Challenges to consider during expansion

Your company will also need to know the top challenges of expanding to Singapore. These are a few of the primary hurdles you may need to clear:

1. Incorporating and registering your business

If you choose to form a subsidiary-based entity in Singapore, the process is likely to be complex, expensive, and time-consuming. You will need to complete a significant list of required steps. These include registering with the Accounting and Corporate Regulatory Authority (ACRA), opening a bank account, filing for a tax number, developing a unique company seal, and registering for work injury compensation insurance, among a host of similar necessities.

Your company can streamline its handling of this challenge by electing to work with an Employer of Record (EOR) instead. When you partner with a reputable global EOR, you work with an established entity, so you can bypass many of these establishment requirements.

2. Obtaining construction permits and electrical accounts

If your company intends to break ground on a brand-new building or complex, be aware that obtaining a construction permit may require substantial time and energy. You will generally need to obtain written permission, gain approval for your structural plans, and get technical clearance. You’ll also need to consult with several regulatory bodies, including the Ministry of Environment and Water Resources, the Land Transport Authority, and the Commissioner for Workplace Safety and Health. This process takes about 35 days on average, according to the World Bank.

Once you’ve done that, you’ll also need to obtain electrical services, a process that generally takes about a month. Your company must establish an account and pay the relevant fees before connecting your new facility to the power grid.

3. Maintaining regulatory compliance

Singapore’s laws may differ from the laws you are used to in your home country. If you’re setting up a subsidiary-based enterprise, do your research and approach your expansion carefully to make sure you comply with all applicable regulations. You must maintain registration with the ACRA, have at least one local director who holds an annual general meeting for your business, and comply with the Common Reporting Standards (CRS). If you fail to meet these requirements, your business could face stiff penalties.

You’ll also need to learn to navigate the red tape associated with doing business in Singapore. A company that establishes a subsidiary-based entity needs to meet a list of requirements before operating legally. You’ll likely want to work with experts who can advise you on legal matters and help you manage the process most efficiently. When you partner with an EOR with an established entity in place, you don’t have to worry about many of the legal requirements that would apply if you set up a new subsidiary.

4. Keeping up with the competition

Singapore is famous globally for its favorable business climate. Many companies from countries worldwide take advantage of Singapore’s economic benefits by establishing new branches in the country.

If you decide to expand to Singapore, you’ll be competing with all these companies, as well as with thriving local businesses. You’ll likely need to rely on expert advice so you can recruit talented employees, entice consumers to take an interest in your products, and make the profits you need for success in this new market.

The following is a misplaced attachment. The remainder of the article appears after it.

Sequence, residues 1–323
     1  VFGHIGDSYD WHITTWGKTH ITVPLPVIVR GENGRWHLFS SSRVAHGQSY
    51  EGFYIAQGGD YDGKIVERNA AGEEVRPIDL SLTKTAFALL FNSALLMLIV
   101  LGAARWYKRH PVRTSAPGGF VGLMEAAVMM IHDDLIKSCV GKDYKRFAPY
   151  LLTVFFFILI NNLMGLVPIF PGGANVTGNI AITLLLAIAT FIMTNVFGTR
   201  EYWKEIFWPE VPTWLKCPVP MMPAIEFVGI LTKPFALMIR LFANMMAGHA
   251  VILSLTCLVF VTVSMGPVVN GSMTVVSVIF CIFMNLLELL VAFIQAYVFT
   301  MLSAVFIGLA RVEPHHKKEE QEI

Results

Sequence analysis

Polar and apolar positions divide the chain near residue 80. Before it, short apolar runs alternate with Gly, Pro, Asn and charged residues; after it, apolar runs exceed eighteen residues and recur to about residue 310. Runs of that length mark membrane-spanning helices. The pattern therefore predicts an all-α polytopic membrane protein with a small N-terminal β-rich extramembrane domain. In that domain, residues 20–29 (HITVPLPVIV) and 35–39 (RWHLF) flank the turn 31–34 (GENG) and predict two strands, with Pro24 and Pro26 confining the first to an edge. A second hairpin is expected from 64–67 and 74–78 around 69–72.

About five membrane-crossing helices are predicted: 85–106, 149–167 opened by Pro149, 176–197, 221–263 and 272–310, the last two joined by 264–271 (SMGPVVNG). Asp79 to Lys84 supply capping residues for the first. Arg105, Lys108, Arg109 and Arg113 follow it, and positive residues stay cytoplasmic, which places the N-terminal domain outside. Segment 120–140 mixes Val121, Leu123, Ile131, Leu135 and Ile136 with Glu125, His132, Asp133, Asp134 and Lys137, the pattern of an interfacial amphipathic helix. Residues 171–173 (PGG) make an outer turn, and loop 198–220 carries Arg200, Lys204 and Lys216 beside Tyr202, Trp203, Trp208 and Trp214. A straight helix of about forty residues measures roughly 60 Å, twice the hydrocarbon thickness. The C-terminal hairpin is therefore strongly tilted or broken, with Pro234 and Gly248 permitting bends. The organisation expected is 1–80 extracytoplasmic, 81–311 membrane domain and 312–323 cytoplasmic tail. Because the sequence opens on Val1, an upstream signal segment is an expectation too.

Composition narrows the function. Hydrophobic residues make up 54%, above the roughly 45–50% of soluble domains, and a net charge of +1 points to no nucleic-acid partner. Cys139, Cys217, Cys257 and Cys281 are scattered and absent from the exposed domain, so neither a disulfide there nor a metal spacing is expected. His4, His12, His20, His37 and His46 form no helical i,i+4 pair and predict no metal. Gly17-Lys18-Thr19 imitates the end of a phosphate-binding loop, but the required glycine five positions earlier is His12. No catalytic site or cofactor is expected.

5. Working with labor shortages

On the one hand, Singapore has historically relied on international employees to power its workforce. That influx leads to enriched diversity and cross-cultural conversations in the workplace, and is often beneficial for businesses expanding into Singapore from abroad.

On the other hand, one of the political issues in Singapore affecting business is ever-tightening international labor quotas. These strict limits sometimes create labor shortages, posing challenges for companies that need to hire many qualified employees.

You’ll likely need to do some research into the numbers in your industry and how they change. In 2020, for instance, Singapore reduced the quotas for its construction, processing, and marine shipyard industries from 20 percent to 15 percent to reduce its reliance on international labor and promote opportunities for native Singaporeans.

How Globalization Partners can help

When you’re ready to expand your company to Singapore, Globalization Partners is here to assist you. We can help you navigate the challenges of expansion and reap the benefits of your hard work.

With Globalization Partners, you’ll gain business advantages like these:

  • Streamlined, state-of-the-art employee management: At Globalization Partners, we use a powerful, completely automated, and AI-driven technological platform to manage your recruiting, hiring, onboarding, and payroll processes as efficiently as possible. These features save your company time and labor by taking over many day-to-day employee management tasks as you expand into Singapore.
  • Easy, protected access: Our automated platform is cloud-based, so your company can access it easily from anywhere in the world on a laptop, desktop, or mobile device. You can get the information you need when you need it while keeping your sensitive data secure and private in the cloud.
  • Enhanced regulatory compliance: Globalization Partners has a long-standing business entity and relationships in Singapore. We are well-versed in even the most minor legal nuances. When you work with us, you’ll gain the peace of mind of knowing your hiring and employment practices comply with all relevant labor laws.
  • Boosted focus on critical matters: Overall, Globalization Partners shoulders the administrative, legal, and human resources responsibilities of attracting and managing new employees. When you let us handle the everyday details, you can focus your attention on your most significant challenges and most promising innovations in your new Singaporean market.

Build your international teams efficiently with Globalization Partners

As you get ready to expand your business and build international teams in Singapore, make Globalization Partners your source for comprehensive, trusted solutions. With our end-to-end technology platform, you can hire, onboard, and manage your team members without jumping through the registration and regulatory hoops associated with setting up a subsidiary. You’ll save time, streamline your operations, and enhance your focus on your core business offerings.

Download our Global Hiring Handbook today, or browse our Globalpedia pages to learn more about expanding your business to Singapore.